MH
 

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Actually Hinkley Triumph bikes in general have a very good reliability history. In my opinion just as good as Hondayamakawazuki. There was a moto-dispatch guy in England who put 250,000 miles on a Trident about 10 years ago without anything but routine maintenance. There's lots of guys with 60,000 - 80,000 miles on their Triumphs without a hiccup.

Engine wise I think the 1050 should be as good as anything you can buy (Monkeyhangers issue is an isolated incident). Triumphs do have a couple of minor issues to consider: Like the clutch cable problem. Most everything else has been sorted out, and the 1050 is a great bike. Keep it lubed and maintained and you shouldn't have any problems down the road!
 

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A German magazine stripped down the engines of various manufacturers after significant mileage. From memory over 30,000 miles. The 1050ST engine had the least wear of all the engines and all components were still well within factory tolerances. The 1050 is basically a stroked version of the 955,which has proven to be a very robust motor. Triumph may not be quite up with Honda but there's not much in it. Plus with Triumph you get character,fun etc. I don't know any Triumph riders who regret their purchase.
 

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I could give you a load of waranty issues I've had with Honda (cam chain) Suzuki (Fork oil seals) and Kawa's (iced carbs) .
I called the factory in Hinkley and asked for some reassurance; you could not do that with the Japanese guys; they were great and told me that I was just unlucky and that the 1050 and 955 etc were well proven and all would be well.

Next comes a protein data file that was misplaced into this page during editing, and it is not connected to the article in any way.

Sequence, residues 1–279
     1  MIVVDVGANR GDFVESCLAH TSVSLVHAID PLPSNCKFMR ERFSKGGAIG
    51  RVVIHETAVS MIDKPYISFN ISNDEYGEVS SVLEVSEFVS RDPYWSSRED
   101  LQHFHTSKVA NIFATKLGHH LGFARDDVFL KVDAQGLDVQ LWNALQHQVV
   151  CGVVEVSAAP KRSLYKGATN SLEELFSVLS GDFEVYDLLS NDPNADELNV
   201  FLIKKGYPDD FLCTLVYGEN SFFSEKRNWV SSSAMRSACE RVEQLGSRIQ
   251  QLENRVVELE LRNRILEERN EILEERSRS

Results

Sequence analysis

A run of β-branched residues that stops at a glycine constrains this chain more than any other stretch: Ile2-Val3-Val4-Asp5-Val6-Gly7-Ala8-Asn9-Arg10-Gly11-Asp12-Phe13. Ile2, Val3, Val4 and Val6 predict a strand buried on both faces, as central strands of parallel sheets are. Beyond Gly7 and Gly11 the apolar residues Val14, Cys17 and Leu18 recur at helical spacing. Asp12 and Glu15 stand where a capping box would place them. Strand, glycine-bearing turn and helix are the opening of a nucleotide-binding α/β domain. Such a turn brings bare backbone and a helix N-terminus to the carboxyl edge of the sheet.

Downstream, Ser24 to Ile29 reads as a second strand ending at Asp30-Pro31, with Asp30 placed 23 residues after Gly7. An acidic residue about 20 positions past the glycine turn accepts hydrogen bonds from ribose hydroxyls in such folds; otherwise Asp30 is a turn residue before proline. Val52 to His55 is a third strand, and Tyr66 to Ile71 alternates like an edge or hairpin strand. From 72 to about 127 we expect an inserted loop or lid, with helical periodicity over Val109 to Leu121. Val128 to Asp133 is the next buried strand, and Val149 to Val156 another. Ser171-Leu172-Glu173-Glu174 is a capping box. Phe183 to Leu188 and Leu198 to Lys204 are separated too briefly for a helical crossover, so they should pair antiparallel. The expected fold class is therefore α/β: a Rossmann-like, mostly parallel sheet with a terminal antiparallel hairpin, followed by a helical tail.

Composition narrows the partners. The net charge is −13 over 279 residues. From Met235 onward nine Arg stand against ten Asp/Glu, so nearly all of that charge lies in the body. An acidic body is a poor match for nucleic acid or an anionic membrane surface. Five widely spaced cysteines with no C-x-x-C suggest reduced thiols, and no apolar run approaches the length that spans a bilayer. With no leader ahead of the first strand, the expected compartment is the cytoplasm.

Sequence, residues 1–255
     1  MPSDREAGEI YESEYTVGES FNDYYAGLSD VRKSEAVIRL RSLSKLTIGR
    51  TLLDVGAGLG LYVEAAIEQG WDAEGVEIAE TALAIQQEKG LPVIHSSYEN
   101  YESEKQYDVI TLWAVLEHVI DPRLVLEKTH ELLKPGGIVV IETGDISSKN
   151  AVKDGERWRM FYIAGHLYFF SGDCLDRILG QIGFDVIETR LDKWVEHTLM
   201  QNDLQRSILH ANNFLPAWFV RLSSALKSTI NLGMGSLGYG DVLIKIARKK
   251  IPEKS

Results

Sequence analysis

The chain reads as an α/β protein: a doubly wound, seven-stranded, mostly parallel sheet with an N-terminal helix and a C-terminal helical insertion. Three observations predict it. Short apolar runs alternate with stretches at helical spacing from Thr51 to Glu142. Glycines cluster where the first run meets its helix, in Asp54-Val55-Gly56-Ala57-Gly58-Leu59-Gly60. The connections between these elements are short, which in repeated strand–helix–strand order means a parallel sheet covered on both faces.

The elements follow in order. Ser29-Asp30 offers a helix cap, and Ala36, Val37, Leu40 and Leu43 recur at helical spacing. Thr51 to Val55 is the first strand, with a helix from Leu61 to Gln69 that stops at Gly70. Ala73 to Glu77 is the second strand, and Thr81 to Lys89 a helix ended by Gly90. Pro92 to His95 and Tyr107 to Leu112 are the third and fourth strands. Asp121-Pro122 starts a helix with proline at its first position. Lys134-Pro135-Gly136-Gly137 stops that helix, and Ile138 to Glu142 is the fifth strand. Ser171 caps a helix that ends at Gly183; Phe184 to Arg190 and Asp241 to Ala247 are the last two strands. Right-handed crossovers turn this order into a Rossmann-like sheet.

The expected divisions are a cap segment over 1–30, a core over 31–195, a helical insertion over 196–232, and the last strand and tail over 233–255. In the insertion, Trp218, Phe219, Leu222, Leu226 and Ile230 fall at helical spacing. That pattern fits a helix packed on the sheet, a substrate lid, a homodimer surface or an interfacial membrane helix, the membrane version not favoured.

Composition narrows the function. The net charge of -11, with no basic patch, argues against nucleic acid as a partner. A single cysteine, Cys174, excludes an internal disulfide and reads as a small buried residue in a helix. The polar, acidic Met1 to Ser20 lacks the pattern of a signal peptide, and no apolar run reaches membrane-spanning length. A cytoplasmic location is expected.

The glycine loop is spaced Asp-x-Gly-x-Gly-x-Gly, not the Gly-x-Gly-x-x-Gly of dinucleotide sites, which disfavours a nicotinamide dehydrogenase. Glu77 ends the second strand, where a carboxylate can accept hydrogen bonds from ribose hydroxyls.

They (and the dealer) said the fuel had the smell of diesel when they took her apart. Maybe the fuel line in Koblenz was a bit iffy!!!
Crashmastered is quite right. The S3 is a great bike.

MH

crashmasterd said:
Engine wise I think the 1050 should be as good as anything you can buy (Monkeyhangers issue is an isolated incident).
 

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They (and the dealer) said the fuel had the smell of diesel when they took her apart. Maybe the fuel line in Koblenz was a bit iffy!!!
Could diesel content in your fuel have caused some sort of detonation that snapped the timing chain? I don't see how, but then I've seen stranger things happen.
 

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I spoke to on of the customer service technicians at the time; he said it was possible for the deisel to lock the thing which I guess could cause the chain to fail. I'm not sure myself. He said most likley was just a defective chain tensioner. That one I do believe.

Seems I'm the only one in the whole world to have this problem on a 1050 s3.

I posted a thread on the Trat asking if others had had the problem. Zip.

Only me....

???

MH

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Could diesel content in your fuel have caused some sort of detonation that snapped the timing chain? I don't see how, but then I've seen stranger things happen.